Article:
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Having faith in teachers

SU Chaplain and Uniting Church member Stephanie Kennedy at work at Wellers Hill State School. Photo by Robert Scott
By Mardi Lumsden

PEOPLE GO into teaching professions for many reasons. Perhaps they were inspired by a great teacher or determined that they could do better than a teacher they didn’t like. But coming in contact with so many young people every day creates a special duty for teachers.

It is more than a duty of care. For many, it is the challenge of moulding students into the best citizens they can be. For teachers who have a faith; be it Christian or other, expressing that faith in a delicate way can be quite a challenge.

Stephanie Kennedy is a Uniting Church member and Scripture Union Chaplain at Wellers Hill State Primary School in Brisbane. She sees over 750 students each week and said it was important to respect the secular environment of her role as pastoral carer for students, families and staff.

“There are clear demarcation zones within which I must operate. Observing those limitations is for me, a matter of integrity,” she said.

Ms Kennedy said she was amazed to see how well God had prepared her for her role as chaplain.

“My past experience as a missionary in Africa, and subsequent ability to speak Swahili has proven to be very helpful in communicating with some of the non-English-speaking refugee families,” she said.

Ms Kennedy said her nursing background has also been useful, especially on school camps, and even losing her father when she was of school age has given her an understanding of and passion for helping children who are experiencing grief and loss.

“Modelling Christ in a secular workplace will often be judged by the authenticity of personal relationships,” she said.

Kirwan Uniting Church member and associate professor in Human Geography at James Cook University in Townsville, Dr David King said his faith played an integral part in his career choice.

Dr King, who is also director of the Centre for Tropical Urban and Regional Planning and director of the Centre for Disaster Studies, said he has always had a passion for helping people and communities.

“When I was eight I got to reading missionary stories and I wanted to go exploring. I wanted to be a missionary teacher,” he said.

He later began his career as a volunteer teacher in a Methodist High School in Africa. Dr King said his research and teaching in social geography and development, specifically looking at Africa and Papua New Guinea, and his later work in disaster studies stemmed from his belief system.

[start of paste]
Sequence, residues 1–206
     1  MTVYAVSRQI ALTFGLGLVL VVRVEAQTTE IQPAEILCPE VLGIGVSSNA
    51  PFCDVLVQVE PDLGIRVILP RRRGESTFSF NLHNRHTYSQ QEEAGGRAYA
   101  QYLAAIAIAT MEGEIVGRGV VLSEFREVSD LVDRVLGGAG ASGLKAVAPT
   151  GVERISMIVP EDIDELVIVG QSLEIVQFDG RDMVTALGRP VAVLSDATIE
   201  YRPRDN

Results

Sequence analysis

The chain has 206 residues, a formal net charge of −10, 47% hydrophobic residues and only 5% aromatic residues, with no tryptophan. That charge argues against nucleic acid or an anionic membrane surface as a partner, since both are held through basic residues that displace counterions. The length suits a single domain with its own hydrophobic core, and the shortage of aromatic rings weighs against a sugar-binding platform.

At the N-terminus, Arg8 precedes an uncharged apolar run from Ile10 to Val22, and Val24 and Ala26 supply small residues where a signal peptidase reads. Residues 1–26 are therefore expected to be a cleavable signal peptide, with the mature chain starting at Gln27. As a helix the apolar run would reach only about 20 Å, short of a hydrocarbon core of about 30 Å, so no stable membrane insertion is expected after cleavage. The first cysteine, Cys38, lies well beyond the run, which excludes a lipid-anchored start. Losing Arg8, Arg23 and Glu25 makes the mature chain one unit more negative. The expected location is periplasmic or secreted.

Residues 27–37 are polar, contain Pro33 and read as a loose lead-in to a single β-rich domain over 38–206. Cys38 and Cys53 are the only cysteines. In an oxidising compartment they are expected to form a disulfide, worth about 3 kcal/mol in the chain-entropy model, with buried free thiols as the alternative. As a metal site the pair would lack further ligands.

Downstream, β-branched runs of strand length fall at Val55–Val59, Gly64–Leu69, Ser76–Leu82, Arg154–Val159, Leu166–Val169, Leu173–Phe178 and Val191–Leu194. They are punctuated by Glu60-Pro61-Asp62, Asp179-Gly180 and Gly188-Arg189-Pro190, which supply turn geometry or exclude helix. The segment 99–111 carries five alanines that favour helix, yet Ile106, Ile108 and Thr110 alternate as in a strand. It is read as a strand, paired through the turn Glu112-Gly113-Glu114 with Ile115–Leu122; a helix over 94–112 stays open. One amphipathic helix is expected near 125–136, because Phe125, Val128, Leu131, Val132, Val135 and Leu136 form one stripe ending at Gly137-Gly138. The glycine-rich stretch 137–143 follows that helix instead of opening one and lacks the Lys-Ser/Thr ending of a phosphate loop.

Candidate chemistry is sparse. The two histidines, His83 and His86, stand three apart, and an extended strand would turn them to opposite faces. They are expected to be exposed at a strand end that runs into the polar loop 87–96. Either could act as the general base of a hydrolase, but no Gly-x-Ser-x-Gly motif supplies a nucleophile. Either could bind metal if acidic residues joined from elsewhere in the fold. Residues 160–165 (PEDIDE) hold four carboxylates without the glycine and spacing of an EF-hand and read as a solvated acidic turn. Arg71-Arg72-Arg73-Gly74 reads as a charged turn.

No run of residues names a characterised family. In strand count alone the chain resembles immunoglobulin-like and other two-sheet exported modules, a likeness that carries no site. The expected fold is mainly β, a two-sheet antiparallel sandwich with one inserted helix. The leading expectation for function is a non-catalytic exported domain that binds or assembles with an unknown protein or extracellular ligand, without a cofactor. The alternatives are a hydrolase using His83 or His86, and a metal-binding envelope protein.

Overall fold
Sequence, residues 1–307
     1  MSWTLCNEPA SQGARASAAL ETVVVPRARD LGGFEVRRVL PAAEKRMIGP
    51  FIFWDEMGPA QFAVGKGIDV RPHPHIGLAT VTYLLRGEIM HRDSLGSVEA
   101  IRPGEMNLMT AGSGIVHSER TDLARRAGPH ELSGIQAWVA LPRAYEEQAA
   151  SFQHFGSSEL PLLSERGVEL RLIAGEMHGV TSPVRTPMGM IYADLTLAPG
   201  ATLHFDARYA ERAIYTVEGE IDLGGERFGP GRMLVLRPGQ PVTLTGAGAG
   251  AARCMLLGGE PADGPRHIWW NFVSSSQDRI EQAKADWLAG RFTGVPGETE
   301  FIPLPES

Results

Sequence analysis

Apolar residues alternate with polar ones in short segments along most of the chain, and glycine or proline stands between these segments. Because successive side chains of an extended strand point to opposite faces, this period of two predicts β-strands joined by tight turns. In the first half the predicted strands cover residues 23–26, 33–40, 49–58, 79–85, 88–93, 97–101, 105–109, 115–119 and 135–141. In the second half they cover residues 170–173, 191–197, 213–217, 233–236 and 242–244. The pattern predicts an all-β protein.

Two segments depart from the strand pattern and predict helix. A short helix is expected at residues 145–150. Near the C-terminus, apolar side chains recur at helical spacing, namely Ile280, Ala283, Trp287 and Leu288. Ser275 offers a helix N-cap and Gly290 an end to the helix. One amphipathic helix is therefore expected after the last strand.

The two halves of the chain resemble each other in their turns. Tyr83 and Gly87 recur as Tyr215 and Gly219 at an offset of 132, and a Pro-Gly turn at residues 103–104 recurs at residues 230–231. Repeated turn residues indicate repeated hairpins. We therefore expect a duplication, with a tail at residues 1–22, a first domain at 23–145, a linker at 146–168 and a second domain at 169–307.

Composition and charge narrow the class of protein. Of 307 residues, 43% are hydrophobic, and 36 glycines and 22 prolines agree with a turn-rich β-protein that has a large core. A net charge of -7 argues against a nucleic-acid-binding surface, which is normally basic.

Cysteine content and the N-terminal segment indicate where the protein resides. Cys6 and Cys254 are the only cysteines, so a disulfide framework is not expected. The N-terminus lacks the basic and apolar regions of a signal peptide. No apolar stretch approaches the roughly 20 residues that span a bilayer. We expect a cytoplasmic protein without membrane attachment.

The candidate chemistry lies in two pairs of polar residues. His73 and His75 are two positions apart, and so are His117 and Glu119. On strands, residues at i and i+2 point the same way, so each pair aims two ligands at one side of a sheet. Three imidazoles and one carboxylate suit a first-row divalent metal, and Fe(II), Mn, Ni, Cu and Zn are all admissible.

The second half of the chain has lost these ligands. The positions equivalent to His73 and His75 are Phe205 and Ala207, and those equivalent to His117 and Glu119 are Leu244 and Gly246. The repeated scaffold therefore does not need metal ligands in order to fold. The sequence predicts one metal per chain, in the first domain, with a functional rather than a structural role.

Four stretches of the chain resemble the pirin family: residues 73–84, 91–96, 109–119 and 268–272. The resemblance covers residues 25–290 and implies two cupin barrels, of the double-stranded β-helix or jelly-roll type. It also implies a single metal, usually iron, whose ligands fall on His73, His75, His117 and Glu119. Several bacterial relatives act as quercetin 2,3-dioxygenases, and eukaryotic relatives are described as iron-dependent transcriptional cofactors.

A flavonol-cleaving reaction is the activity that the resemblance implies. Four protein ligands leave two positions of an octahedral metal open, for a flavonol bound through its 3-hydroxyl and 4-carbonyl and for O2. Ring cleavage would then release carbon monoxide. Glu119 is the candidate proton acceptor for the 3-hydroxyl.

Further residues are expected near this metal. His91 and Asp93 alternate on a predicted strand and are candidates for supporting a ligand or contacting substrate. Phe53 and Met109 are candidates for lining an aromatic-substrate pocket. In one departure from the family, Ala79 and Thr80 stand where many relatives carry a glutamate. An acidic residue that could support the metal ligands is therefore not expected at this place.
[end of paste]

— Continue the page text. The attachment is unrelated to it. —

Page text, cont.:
“I’ve always had a strong interest in wanting to do things that might make the world a better place and wanting to help people who were less able, capable or fortunate,” he said.

He said teachers need to respect the secular world in which they teach.

“I don’t think it would be right to use lectures that students are paying for to preach to them.

“Caring, supporting and building is the core of the way I teach, but I don’t express my faith directly in that format,” he said. “I am there to help and support all students regardless of their background.”

Despite a number of years outside the institution of the church, Dr King said his ethos behind teaching did not change.

Dr King expresses his faith by volunteering on boards and councils, including that of the James Cook University Uniting Church College, John Flynn College.

“I do a lot of course advising, student advising and helping people sort out their academic problems,” he said.

Dr King said he aspires to find ways to make things happen, rather than putting barriers in students’ way.

Living a life that reflects the values of Christianity is something Vicky Jones strives to do.

As head of middle schooling at Clayfield College, Ms Jones said doing that required the development of a deep sense of self.

“In order to achieve this I work hard at being courageous, resourceful and open to others and their ideas,” she said.

Ms Jones said she aims to make the theories and doctrines of Christian life, a tangible, liveable reality.

“I strongly believe that a spiritual community will provide both believers and nonbelievers with an experience of love,” she said.

Ms Jones said the Gospels provided a fundamental basis for the development of a child’s moral education and spiritual formation.

“Schools need to provide learning experiences that enable students to acquire useful information, skills and means to handle our changing world with confidence,” she said.

Photo : SU Chaplain and Uniting Church member Stephanie Kennedy at work at Wellers Hill State School. Photo by Robert Scott